2F-3 INFORMING RESOURCE ALLOCATION DECISIONS IN HIV/AIDS: A CASE STUDY FOR BRITISH COLUMBIA, CANADA

Monday, October 19, 2015: 5:00 PM
Grand Ballroom C (Hyatt Regency St. Louis at the Arch)

Bohdan Nosyk, Ph.D., Jeong E Min, MSc, Emanuel Krebs, M.A., Rolando Barrios, MD and Julio Montaner, MD, BC Centre for Excellence in HIV/AIDS, Vancouver, BC, Canada

Purpose: Interventions to improve HIV care may vary substantially in their ability to deliver good value for money. There is an urgent need to maximize the value of health spending by prioritizing cost-effective interventions and, more broadly, identifying an optimal mix of interventions. We consider hypothetical scenarios of increased uptake of HIV testing and treatment, and improved treatment retention to identify the most cost-effective public health strategy.

Method: We used a previously-validated dynamic compartmental HIV transmission model to project the costs, benefits and epidemiological outcomes of the HIV/AIDS epidemic in BC from 2015 to 2035 under six hypothetical scenarios: (1) current practice, characterized using all available population-level epidemiologic and economic data; (2) a 10% increase in the HIV testing rate; (3) a 10% increase in treatment uptake; (4) a 25% decrease in the rate of treatment discontinuation; (5) interventions in scenarios (2)+(3); and (6) interventions in scenarios (2)+(3)+(4). In this hypothetical exercise, costs and effectiveness of the various interventions was assumed equal across HIV risk groups, the implementation of the interventions was at the provincial-level, and no budget constraint was imposed. Total HIV incidence, mortality, present-valued costs (in 2014$CDN) and quality-adjusted life years (QALYs) were estimated for each scenario, while incremental cost-effectiveness ratios (ICERs) were calculated against scenario (1), as well as the next-most resource intensive strategy in the interest of identifying the most efficient strategy. Analyses were executed from a third party payer (TPP) perspective.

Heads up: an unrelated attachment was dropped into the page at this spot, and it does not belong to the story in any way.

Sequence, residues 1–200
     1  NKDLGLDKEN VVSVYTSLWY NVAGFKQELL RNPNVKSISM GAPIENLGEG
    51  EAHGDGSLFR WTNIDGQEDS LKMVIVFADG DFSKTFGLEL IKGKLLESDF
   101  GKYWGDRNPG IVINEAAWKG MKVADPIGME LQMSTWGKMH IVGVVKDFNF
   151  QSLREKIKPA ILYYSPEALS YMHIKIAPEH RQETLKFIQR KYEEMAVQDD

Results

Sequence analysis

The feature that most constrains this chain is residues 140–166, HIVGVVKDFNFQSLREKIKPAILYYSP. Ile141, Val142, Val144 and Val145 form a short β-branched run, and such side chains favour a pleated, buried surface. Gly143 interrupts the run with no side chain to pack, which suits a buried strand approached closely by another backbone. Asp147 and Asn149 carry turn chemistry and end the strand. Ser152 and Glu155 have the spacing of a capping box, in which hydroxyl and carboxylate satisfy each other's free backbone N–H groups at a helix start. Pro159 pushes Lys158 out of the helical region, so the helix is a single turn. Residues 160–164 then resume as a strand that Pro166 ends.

Result: Scenarios (2) (6) were all highly cost effective (<1x GDP per capita) compared to actual practice. Strategies (3) and (4) were dominated by strategies (5) and (6) respectively. We found strategy (6) remained cost-effective compared to strategy (5), with an ICER of $30,351 per QALY gained. At an additional cost of $110M over the study timeframe (5.5M/year), jointly increasing HIV testing and treatment access and improving HAART retention resulted in 531 averted HIV cases, 115 averted deaths and an overall gain of 6,469 QALYs.

Conclusion: Despite significant prior investment and advances in HIV care in BC, we found interventions to further improve HIV testing and care were highly cost-effective. Further research is required to aid resource allocation decisions on the margin, in real-time, using the observed costs and effectiveness of such interventions as delivered within localized settings.